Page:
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Cover Focus | July/August 2020

Using Basic Diagnostic Principles to Guide Treatment Decisions

First, determine the cause of dry eye symptoms, then treat the condition.

Treating dry eye disease (DED) is more complicated today than ever before. Gone are the days we could tell patients that they have DED without explaining the cause or the type. Today, we know that DED is multifactorial, and we know that it is crucial to treat the underlying cause—otherwise, our patients will not obtain lasting relief.

But how do we determine the cause, and what should we then do with that information? The answer is simple: We must use basic diagnostic principles to diagnose clinical features and guide treatment decisions. Here are five pointers for performing an effective DED workup.

No. 1: Talk, listen, and ask questions. A good diagnostic exam starts by simply talking to patients and listening carefully to what they say. Asking the right questions goes a long way in making a differential diagnosis. What are your chief complaints? Where does the eye feel most itchy? When do you commonly notice redness? These and other questions can help you to make a differential diagnosis even before doing any diagnostic testing.

No. 2: Look for signs of DED. It’s also very important to look at the patient to assess for signs of DED. Whether the patient blinks frequently or infrequently or whether the blinking is complete or incomplete can indicate tear film instability or a break in the tear film. Another simple task is to ask patients to look at a letter chart to determine how many letters they can read in one blink. If there is instability in the tear film, with this task their eyes will start to burn. This can certainly decrease the patient’s quality of vision.

No. 3: Look at the ocular surface as a system. Rather than looking at the ocular surface as separate structures such as the conjunctiva, cornea, and tear film, look at it as a system. This is important because the health of one structure can influence the entire system.

Let’s consider a patient with corneal damage. In looking at the entire ocular surface system and checking all its structures, you notice gland dropout and staining in the inferior parts of the cornea. In this case, the likely cause of that corneal damage is meibomian gland dysfunction, and, if you hadn’t considered the ocular surface as a system, you might not have come to that conclusion.

No. 4: Use vital dyes. This brings us to another key point in the diagnosis of DED: use of vital dyes. Vital dyes such as lissamine green and fluorescein are tremendously important.1,2 For starters, fluorescein dye can show punctate staining patterns related to DED and lagophthalmos, and it can be helpful when measuring tear breakup time and tear volume or checking for corneal decompensation. Use of fluorescein dye can also help to locate areas of corneal decompensation, whether in the inferior or central cornea or across 360º.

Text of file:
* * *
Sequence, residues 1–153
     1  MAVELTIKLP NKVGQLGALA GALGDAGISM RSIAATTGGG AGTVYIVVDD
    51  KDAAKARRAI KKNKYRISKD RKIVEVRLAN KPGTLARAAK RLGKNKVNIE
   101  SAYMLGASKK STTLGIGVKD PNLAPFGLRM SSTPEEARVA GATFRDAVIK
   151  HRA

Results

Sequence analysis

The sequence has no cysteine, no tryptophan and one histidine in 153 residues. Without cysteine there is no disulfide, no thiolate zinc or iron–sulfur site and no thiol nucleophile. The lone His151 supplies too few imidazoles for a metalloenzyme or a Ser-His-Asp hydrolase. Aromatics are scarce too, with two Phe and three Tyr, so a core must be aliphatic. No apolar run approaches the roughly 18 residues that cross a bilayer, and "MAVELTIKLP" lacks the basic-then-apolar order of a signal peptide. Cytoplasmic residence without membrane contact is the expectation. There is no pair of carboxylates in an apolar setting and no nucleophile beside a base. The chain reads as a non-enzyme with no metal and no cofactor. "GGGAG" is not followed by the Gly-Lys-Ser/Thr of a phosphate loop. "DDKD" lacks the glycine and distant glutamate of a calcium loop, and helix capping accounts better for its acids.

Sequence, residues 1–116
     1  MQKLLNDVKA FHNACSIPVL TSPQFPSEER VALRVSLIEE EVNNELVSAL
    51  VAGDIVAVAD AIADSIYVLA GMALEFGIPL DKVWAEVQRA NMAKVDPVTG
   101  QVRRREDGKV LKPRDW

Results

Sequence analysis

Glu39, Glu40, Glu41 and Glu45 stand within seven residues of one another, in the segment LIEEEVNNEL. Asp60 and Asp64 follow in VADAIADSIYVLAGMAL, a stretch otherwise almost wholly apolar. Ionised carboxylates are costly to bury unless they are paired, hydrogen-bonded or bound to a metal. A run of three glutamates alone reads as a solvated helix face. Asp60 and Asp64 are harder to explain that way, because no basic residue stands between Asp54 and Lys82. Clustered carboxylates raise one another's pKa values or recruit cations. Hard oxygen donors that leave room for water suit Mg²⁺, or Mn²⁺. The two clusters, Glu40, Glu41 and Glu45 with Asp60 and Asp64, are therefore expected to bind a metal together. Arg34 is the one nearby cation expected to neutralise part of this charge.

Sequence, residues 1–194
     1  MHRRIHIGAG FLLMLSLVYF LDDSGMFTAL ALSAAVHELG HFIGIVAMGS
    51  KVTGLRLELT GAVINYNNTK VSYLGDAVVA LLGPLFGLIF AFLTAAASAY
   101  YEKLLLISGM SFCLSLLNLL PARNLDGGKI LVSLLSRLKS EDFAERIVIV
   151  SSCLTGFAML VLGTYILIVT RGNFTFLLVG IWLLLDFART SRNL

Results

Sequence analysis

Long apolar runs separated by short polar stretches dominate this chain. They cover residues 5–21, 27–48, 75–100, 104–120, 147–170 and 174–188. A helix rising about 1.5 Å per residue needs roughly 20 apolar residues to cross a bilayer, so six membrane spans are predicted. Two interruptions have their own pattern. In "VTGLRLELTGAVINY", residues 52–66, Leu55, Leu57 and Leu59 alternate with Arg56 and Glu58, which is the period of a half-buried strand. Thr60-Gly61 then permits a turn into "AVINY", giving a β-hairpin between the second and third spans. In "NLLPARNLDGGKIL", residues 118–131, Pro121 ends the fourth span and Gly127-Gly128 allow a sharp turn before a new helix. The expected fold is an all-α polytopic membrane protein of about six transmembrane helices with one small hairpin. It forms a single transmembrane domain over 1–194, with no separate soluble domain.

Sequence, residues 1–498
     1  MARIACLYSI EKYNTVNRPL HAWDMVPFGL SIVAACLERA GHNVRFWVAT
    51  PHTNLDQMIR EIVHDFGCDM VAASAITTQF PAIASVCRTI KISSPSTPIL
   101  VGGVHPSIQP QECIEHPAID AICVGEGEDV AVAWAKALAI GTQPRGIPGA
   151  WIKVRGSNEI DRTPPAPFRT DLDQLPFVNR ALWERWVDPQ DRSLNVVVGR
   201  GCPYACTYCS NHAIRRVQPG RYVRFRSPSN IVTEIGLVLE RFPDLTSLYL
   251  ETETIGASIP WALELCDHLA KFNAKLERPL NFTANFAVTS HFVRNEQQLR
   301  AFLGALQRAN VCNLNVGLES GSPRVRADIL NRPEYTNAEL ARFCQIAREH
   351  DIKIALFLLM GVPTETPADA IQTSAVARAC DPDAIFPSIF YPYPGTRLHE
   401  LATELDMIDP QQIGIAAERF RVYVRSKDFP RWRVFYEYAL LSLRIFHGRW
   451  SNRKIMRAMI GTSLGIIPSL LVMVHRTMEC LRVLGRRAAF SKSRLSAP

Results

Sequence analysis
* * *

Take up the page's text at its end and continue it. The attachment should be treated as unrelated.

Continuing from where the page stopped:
Lissamine green dye stains dead and degenerative cells (Figure). So in everyday practice we can diagnose inflammation of the ocular surface by simply using lissamine green dye.1,2 It is also helpful to assess the lid margin. If the lid margin line is irregular, the correct type of eyelid margin disease can be diagnosed. Lissamine green dye can also be used to stain the bulbar conjunctiva to see damage at that level, which can aide in the diagnosis of other ocular surface inflammatory diseases, such as limbal keratoconjunctivitis.

Figure. Ocular surface staining with a new formulation of lissamine green (Lissagreen, Polifarma). The conjunctival staining in the eye correlates with ocular surface inflammation indicative of chronic dry eye. This eye was treated with topical antiinflammatory drops.

No. 5: Consider the inflammation. Careful consideration of the inflammatory component of DED is essential. A variety of systems can be used to measure ocular surface inflammation, but all have limitations. A combination of impression cytology to collect cells with measurement of inflammation markers and flow cytometry is the most effective technique to quantify the level of inflammation on the ocular surface. Unfortunately, the procedure has limitations, including high cost and the need to collaborate with an immunology laboratory or other facility with a flow cytometer. Other methods include matrix metallopeptidase-9 (MMP-9) evaluation and measurement of tear osmolarity. MMP-9 testing is easy to perform, but it provides only qualitative results. Tear osmolarity is an indirect marker of inflammation, and its pros and cons have been described in the literature.

CONCLUSION

Using even basic diagnostic principles like questioning and observing the patient’s habits, staining the ocular surface with vital dyes, and considering the inflammatory component of DED can be extremely helpful in guiding effective treatment of DED.

1. Yang S, Lee HJ, Kim DY, Shin S, Barabino S, Chung SH. The use of conjunctival staining to measure ocular surface inflammation in patients with dry eye. Cornea. 2019;38:698-705.

2. Hamrah P, Alipour F, Jiang S, Sohn JH, Foulks GN. Optimizing evaluation of lissamine green parameters for ocular surface staining. Eye. 2011;25:1429-1434.

Stefano Barabino, MD, PhD
  • Head of the Ocular Surface and Dry Eye Center, Ospedale L. Sacco-University of Milan, Italy
  • stefano.barabino@unimi.it
  • Financial disclosure: None

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